In the history of fairness and equality in the United States, there’s no denying that women of color have often come up short. From 19th- and 20th-century feminist movements to modern-day fights for egalitarianism, black, Asian, Native, and Latinx women have often rallied for the same rights as white women without the same results.
Take the 19th Amendment, for example. Passed by Congress in June 1919 and ratified over a year later on August 18, 1920, the 100-year-old bill was meant to guarantee all women the right to vote. The amendment stated that the right to vote “shall not be denied or abridged by the United States or by any State on account of sex.”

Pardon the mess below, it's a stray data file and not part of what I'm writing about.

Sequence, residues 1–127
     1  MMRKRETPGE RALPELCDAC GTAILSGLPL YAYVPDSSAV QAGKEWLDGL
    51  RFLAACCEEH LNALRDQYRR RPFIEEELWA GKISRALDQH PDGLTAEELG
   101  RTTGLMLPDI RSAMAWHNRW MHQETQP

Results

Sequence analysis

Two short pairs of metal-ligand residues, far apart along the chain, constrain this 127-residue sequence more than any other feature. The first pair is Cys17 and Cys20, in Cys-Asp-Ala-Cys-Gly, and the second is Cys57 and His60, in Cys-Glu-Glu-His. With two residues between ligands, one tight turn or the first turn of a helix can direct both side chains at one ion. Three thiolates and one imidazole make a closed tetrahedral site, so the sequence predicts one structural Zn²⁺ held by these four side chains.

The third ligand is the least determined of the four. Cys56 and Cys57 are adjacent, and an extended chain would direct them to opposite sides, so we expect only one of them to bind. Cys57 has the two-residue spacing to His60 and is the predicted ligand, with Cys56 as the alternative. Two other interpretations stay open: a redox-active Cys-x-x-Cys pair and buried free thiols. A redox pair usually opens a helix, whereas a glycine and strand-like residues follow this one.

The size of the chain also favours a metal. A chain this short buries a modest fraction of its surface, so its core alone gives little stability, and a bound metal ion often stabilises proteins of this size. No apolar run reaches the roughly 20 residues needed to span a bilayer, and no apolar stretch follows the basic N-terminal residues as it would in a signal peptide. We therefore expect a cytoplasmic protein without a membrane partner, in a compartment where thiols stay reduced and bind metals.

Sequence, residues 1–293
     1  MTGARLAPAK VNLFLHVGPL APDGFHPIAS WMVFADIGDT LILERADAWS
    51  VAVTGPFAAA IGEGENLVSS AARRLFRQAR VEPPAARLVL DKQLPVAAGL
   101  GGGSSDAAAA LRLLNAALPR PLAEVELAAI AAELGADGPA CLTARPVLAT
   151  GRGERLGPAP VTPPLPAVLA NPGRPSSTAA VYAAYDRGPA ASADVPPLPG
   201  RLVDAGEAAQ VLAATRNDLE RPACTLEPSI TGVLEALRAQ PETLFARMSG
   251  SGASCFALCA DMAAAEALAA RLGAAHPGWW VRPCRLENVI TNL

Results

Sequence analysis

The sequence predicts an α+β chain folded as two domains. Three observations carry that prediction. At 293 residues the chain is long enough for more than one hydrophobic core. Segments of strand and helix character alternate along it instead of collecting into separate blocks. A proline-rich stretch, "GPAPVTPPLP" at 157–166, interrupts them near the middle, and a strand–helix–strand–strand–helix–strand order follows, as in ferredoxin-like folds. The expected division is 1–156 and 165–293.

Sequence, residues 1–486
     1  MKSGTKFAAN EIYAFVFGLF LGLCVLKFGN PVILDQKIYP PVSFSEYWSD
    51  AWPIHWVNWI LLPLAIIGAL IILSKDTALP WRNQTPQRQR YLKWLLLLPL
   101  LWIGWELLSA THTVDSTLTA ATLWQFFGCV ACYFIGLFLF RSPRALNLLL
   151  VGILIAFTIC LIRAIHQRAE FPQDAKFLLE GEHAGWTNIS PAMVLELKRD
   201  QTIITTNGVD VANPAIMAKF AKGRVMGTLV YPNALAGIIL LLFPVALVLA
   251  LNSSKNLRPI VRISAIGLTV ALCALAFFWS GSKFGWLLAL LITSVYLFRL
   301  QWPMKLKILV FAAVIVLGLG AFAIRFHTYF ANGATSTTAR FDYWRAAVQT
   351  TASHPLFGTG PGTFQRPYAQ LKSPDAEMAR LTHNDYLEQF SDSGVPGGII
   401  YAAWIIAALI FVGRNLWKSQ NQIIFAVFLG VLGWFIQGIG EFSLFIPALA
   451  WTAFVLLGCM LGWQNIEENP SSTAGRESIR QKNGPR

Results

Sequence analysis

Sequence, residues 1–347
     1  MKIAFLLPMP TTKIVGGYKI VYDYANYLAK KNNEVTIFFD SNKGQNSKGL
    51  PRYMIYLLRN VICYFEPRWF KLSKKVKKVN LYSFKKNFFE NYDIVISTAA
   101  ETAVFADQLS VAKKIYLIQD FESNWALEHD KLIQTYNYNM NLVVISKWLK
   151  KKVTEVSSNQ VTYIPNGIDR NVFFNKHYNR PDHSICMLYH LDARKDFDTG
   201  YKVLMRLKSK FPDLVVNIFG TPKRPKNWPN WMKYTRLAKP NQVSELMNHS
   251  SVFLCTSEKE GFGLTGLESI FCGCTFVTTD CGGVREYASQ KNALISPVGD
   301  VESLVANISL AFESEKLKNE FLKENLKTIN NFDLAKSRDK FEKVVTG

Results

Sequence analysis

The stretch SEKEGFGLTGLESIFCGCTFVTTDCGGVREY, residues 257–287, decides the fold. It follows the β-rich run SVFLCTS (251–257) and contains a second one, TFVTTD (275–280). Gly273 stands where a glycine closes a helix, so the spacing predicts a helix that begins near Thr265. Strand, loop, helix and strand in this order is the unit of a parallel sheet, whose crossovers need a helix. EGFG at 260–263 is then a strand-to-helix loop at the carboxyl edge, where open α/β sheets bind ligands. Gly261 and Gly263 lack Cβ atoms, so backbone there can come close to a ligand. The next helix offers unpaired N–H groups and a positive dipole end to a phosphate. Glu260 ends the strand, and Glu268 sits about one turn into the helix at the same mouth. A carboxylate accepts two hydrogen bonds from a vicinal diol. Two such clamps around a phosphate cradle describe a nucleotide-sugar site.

While that sounds ideal in theory, in practice many women of color found themselves unable to exercise their legal right to cast a ballot, depriving them of a voice in local and federal elections. As the New York Times noted in an editorial in their evaluation of the 19th Amendment’s centennial, “millions of other women — particularly African-Americans in the Jim Crow South — remained shut out of the polls for decades” after the amendment’s ratification. That includes many Native American and Asian American women who were not granted citizenship.